The staff can start the wood stove for you, or they allow you to do it yourself. The fire had been burning for quite awhile when we took our first sauna the night we arrived, and the temperature was pretty hot! By the time we managed herding our kids (we had our four offspring in tow) and heated up in the sauna, it was late and dark outside. The night was a nice cloak for our clumsy efforts of slipping into Superior, but it also made finding a good spot in the water difficult. It’s quite rocky and slippery, so sandals are a must. We were only in the water for a few seconds, and not fully submerged, but at least we got our feet wet (literally and figuratively). The next day, Julie (my wife) took a morning sauna, sans kids. This was a better experience, as she had time to scout out an easier entrance to the water that was also deeper. Her plunge into Superior proved to be a wonderfully refreshing experience; and I quote, “like a cold, crisp lemonade on a summer day”. It was both a brisk cooldown and a thorough washing all-in-one.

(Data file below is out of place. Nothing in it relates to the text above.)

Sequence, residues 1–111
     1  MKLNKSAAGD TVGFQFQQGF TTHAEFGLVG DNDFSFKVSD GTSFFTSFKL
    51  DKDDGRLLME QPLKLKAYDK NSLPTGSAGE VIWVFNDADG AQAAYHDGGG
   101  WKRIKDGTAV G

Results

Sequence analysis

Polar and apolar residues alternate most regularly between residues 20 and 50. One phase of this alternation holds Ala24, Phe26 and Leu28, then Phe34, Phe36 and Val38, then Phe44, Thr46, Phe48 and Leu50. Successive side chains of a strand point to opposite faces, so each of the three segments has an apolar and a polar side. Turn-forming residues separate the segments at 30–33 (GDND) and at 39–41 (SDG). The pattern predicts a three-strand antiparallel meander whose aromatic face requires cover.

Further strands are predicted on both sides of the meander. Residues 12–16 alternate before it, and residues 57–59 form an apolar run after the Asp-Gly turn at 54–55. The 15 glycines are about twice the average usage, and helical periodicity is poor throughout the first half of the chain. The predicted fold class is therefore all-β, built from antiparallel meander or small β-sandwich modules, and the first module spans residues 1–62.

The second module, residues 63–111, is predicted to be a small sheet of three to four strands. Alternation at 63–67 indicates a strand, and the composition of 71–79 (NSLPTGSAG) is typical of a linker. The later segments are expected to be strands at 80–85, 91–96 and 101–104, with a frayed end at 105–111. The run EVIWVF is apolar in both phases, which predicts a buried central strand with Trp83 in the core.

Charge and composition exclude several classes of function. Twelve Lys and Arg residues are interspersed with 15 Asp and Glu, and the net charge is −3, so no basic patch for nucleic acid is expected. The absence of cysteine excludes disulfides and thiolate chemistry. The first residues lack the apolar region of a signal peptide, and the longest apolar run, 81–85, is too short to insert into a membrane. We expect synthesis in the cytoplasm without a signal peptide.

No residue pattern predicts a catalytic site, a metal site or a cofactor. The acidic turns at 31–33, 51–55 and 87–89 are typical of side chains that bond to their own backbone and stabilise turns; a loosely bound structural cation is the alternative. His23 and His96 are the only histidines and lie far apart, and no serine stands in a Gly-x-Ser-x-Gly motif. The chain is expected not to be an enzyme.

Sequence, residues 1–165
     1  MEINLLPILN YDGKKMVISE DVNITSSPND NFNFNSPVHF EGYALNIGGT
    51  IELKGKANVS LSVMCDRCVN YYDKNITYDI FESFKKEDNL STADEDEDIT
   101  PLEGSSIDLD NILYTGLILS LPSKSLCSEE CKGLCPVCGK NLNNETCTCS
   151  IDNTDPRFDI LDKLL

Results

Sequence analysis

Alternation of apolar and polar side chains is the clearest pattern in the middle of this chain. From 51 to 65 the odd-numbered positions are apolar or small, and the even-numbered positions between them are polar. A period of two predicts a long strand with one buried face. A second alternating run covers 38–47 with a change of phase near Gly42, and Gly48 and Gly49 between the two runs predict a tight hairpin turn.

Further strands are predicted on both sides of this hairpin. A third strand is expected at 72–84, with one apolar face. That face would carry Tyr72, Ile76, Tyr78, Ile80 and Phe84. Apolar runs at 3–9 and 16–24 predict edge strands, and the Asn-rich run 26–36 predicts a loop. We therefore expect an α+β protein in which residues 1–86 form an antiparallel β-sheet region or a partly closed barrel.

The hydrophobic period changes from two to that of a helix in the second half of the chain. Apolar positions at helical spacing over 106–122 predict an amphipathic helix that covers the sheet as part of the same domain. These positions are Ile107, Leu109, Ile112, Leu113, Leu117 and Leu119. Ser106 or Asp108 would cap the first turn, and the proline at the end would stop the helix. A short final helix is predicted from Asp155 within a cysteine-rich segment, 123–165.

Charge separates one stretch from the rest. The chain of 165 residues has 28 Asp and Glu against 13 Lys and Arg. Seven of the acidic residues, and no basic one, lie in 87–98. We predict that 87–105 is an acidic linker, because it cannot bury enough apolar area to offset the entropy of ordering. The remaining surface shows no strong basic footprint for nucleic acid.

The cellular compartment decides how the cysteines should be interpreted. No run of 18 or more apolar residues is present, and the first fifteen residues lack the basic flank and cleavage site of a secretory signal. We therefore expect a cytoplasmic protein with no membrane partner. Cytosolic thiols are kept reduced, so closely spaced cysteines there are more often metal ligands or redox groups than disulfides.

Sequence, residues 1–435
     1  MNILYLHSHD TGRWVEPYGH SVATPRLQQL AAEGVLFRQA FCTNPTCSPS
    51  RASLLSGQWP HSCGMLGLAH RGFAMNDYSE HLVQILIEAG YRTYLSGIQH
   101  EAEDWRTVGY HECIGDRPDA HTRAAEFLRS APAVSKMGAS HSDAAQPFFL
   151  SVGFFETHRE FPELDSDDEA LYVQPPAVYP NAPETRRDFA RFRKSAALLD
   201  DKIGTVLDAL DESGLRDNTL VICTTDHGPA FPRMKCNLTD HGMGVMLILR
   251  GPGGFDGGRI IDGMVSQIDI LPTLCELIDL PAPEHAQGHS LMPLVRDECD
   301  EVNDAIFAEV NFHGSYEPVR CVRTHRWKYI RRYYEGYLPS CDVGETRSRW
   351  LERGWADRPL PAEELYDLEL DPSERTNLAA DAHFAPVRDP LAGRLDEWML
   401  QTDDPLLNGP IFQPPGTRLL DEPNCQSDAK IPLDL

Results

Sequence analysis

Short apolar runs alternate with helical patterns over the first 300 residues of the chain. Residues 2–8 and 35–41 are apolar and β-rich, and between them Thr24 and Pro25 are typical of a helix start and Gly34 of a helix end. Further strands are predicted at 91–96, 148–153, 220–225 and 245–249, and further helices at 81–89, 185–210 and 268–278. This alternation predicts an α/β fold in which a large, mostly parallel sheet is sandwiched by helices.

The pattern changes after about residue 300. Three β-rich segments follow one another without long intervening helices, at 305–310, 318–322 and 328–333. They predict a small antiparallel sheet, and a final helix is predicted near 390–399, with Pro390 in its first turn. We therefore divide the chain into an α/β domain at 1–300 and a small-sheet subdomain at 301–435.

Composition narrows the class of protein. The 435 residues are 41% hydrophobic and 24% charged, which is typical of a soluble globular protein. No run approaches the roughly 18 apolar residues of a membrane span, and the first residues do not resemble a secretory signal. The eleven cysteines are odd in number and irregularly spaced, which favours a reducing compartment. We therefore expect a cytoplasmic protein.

Improving the Larsmont sauna